- I would not call “the 26 of February case” finished for various reasons. Initially, during the investigation following the events of February 26, several people were targeted. Later on, the occupying authorities singled out the so-called “Case of Organisers”, with me being brought to trial and sentenced to 8 years in a maximum security penal colony. The case of “perpetrators” – those who were given conditional sentences – was tried separately. Before this, two of them, ie Ali Asanov and Mustafa Degermendzhi had spent almost two years together with me in custody awaiting trial, and three more had signed a Restriction of Travel order. I would like to mention that each one of these men endured the process to the end with dignity and strength, whilst at all times maintaining the reputation and honour of their people. However, hundreds of other protesters out of dozens of thousands of those who had shown up to protest identified in the trial. And I think that should a need arise the occupying authorities will review these files and bring legal proceedings against those involved, as a means of pressure on the Crimean Tatar people.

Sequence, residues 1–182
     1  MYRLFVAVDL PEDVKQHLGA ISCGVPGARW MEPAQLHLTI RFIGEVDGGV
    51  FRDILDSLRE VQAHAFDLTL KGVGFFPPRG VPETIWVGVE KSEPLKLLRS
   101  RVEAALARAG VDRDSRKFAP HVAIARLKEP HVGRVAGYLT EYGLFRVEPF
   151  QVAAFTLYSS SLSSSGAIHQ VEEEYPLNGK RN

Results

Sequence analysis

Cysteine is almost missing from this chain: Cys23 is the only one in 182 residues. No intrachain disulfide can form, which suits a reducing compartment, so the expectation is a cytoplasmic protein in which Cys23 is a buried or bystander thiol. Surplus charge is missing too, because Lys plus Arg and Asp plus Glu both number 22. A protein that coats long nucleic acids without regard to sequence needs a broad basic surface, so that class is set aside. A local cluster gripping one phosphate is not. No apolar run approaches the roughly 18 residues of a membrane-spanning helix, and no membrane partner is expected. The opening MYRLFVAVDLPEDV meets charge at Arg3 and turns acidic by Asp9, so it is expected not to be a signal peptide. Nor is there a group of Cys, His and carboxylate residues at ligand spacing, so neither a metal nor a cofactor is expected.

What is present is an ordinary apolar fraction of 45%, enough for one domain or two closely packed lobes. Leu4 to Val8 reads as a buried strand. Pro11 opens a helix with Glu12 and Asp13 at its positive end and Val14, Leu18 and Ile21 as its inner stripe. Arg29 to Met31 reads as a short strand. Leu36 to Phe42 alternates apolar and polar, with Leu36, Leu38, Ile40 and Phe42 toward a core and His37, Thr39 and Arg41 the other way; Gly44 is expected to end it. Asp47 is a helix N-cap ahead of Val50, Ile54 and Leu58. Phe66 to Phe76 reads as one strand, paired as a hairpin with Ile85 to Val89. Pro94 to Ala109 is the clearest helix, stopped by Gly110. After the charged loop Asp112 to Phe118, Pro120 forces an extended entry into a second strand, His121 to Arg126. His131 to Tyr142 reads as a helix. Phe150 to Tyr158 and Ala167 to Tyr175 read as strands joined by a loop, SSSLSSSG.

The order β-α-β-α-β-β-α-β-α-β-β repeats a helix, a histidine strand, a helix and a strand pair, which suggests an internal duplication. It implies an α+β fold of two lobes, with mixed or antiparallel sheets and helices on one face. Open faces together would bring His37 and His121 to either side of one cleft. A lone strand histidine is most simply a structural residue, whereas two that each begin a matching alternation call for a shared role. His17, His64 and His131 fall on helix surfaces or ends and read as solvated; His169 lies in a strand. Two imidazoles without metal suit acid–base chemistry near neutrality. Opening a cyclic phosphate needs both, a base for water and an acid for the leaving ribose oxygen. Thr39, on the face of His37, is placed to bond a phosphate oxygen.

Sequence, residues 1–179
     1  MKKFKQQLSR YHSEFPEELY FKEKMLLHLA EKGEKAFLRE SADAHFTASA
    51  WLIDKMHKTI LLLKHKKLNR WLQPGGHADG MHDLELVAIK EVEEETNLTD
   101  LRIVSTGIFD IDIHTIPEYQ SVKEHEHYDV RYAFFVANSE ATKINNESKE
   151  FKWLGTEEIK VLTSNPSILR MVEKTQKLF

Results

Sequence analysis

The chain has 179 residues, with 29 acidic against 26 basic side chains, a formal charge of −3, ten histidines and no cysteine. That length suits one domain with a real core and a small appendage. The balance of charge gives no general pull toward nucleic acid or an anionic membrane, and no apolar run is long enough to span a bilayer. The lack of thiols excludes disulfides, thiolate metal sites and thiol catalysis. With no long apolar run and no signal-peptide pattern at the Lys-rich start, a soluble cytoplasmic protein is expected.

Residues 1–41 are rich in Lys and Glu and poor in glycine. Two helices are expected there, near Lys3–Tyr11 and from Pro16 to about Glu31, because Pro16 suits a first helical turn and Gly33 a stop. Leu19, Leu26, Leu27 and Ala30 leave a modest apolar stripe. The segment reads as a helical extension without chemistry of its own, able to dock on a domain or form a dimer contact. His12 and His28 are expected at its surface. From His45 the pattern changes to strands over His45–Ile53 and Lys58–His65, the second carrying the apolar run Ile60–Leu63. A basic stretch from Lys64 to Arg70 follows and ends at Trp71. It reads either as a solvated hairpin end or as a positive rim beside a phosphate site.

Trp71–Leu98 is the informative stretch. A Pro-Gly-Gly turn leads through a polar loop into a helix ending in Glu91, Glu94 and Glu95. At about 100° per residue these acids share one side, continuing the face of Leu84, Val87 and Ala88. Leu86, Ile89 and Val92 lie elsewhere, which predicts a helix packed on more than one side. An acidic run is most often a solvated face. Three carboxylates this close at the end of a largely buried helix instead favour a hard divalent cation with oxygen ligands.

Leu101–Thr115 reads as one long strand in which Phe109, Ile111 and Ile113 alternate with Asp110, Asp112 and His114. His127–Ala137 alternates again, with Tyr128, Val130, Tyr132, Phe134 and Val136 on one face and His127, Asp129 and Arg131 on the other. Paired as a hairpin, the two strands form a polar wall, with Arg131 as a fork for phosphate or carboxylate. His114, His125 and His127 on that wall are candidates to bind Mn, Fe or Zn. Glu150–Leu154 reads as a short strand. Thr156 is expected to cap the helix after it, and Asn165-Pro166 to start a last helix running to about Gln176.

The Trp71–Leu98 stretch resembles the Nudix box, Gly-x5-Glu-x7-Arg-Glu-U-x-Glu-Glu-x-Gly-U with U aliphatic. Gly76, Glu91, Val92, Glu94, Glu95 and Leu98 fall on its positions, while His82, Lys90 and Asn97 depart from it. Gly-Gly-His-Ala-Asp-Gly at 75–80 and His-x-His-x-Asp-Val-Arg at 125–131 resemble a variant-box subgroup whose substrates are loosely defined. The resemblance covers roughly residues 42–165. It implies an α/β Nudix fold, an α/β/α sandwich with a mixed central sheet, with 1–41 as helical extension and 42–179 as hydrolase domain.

Another aspect: the “26 of February case” is deeply symbolic for us and for the invaders alike. For Ukrainian patriots it means the start of our struggle against the occupation, for liberty and human rights. For them it is like a red rag, a reminder that not everything can be sold, and not everybody is ready to betray their homeland and their people. Also the historical memory… Therefore, the 26 of February trial will only be finished for all of us and for them upon full de-occupation of Crimea. Until then we’ll continue our struggle, and they will carry out their revenge and persecute our patriots.
Akhtem Chiygoz has been the Deputy Chair of Mejlis of the Crimean-Tatar people since 2008. In 2015, he was arrested by the occupying authorities of Russia who pressed false charges against him for organising a mass unrest on 26 February 2014. (A rally bringing together thousands of people was held thas day in Simferopol in support of the territorial integrity of Ukraine.) On 11 September 2017 he was sentenced to 8 years by the so-called ‘Supreme Court of Crimea’. Upon negotiations, involving President of Turkey Recep Tayyip Erdogan, Chyigoz and another political prisoner, the Deputy Chair of Mejlis Ulmi Umerov, were deported to Turkey by the Russian Federation and subsequently returned to Ukraine. Currently he lives in Kyiv.
Photos by: Daniil Shamkin, Mykola Myakshykov, Yevhen Liubimov